Time and time again in the here and now.
Then there is another layer of time - the time you may spend with God, nature, your soulmate, a dear friend, in prayer and contemplation, in silence. THAT time (and this is only my opinion) is much less easily measured. Time flies by when you are in the midst of a project that you are involved in and passionate about. Time ceases to exist when your soul is embraced by the transcendent love of God. These moments either zoom past or the importance we invest in the other type of time disappears.
There are occasions when our experience of time is that it is progressing excruciatingly slowly. The last 1/2 hour of school, the last hour of work, the time between the separation and final divorce, the recovery from the grieving process.
My life has been spent in conflict with watch time. A massage will take as long as it takes and no less. Listening to someone bare their soul, revealing their inmost being will take as long as it takes.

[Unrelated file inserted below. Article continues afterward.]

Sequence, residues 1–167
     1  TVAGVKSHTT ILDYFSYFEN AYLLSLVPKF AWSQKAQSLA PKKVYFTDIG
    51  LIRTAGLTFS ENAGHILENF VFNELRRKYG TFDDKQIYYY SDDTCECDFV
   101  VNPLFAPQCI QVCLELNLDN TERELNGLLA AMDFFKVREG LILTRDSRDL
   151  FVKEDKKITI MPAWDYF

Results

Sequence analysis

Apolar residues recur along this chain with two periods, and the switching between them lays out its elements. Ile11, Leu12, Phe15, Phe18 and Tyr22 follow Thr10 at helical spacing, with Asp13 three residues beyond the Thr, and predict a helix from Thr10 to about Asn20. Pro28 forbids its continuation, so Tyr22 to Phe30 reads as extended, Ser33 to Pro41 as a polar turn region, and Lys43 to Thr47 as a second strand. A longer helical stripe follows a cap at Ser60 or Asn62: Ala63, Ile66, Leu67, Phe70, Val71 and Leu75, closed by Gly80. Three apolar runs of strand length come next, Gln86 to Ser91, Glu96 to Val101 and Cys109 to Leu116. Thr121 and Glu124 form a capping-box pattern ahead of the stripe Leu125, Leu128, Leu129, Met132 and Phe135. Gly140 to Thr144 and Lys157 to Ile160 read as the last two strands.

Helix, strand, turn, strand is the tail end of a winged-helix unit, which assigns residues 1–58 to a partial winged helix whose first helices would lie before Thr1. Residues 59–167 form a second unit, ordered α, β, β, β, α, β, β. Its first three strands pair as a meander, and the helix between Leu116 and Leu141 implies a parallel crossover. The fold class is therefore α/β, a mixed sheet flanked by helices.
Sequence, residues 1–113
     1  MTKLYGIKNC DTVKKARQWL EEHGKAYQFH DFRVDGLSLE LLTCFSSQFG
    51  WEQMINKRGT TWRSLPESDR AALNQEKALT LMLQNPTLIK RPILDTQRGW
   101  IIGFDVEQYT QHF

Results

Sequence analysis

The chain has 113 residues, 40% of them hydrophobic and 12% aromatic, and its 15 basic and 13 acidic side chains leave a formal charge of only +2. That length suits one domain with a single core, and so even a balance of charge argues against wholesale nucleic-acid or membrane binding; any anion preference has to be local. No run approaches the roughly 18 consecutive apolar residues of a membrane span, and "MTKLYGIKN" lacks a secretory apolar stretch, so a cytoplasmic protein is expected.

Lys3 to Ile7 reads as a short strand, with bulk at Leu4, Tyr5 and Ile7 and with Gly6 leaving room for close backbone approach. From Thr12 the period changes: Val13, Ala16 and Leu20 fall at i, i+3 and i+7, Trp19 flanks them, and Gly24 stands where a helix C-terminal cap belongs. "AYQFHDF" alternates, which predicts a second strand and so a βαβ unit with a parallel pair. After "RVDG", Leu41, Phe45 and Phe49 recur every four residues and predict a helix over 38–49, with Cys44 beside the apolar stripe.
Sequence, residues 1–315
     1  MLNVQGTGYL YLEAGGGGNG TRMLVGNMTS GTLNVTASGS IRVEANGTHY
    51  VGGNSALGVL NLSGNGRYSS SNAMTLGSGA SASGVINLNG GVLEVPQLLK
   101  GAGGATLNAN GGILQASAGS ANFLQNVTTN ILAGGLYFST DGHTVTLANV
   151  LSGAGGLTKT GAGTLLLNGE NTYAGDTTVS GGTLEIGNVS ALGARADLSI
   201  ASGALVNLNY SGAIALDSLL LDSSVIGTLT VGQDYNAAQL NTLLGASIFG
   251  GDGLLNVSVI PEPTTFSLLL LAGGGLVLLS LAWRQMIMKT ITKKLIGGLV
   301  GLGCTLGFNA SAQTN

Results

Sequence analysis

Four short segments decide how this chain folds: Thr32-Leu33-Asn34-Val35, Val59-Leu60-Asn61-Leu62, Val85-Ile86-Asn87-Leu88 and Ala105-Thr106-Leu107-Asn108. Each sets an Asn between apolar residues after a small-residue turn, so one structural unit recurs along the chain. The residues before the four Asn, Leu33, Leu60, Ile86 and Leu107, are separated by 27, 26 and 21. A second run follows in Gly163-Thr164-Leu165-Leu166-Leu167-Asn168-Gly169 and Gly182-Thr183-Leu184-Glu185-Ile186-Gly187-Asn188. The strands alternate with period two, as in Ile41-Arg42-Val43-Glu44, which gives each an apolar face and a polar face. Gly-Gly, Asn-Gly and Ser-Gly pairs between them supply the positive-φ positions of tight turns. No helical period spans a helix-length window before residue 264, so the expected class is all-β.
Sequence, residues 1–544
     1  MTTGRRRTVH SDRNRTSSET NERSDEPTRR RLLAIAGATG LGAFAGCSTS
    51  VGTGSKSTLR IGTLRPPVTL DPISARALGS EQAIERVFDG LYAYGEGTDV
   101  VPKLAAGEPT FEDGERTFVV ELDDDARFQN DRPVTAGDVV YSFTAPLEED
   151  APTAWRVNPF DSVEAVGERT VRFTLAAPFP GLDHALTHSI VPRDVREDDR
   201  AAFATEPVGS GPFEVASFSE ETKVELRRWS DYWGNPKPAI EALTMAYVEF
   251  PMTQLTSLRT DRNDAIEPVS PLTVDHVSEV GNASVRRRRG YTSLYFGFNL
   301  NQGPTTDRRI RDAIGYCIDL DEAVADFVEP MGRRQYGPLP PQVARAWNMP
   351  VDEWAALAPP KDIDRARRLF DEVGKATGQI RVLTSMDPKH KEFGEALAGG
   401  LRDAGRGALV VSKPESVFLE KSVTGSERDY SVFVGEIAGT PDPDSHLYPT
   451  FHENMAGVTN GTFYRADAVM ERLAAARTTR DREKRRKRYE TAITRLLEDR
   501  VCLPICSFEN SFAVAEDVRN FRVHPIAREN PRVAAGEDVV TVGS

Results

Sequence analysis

I reluctantly acknowledge that there are wonderful people in the world who run strictly by the clock.... for whom a late arrival is a personal insult and and character flaw. I also know of people who have no recognition of clock time at all and jeopardize any personal credibility by being 2+ hours late for everything.
I am of two minds. One half says that we as a nation are miserable because we obsess on time. There is a reminder of time progression on our wrist, on the cell phone, on the wall clock(s), on the computer, at each side of the bed, in the shower, in the car, on bank signs. If we are always rushing to catch up or be ahead, is it any wonder that we are often tired, anxious, overburdened, short tempered, short sighted.
The other half of my mind strives to appreciate that there are people for whom lack of punctuality is tantamount to a lack of respect or interest or worth in the value of them and their regard for time. I don't want to be offensive or dismissive of the feelings or worth of another human being. Life would also be chaotic if there were no standards, benchmarks or parameters for appointments and functions.
We are an assortment, are we not: some people measure worth on a dress code, others by timeliness, others by credentials, still others by assumed standards of social acumen, others by dialect or vocabulary, others by experience. You must know (or be) a "Morning" person or an "evening" person. Each functions best at a given time of day and fades at the other half.
How can we honor chronological time without it overtaking our lives and our spirits? I don't know.
Do you have any ideas on this subject? Drop a comment to this post or a line to share at: email@example.com. Thanks for the input.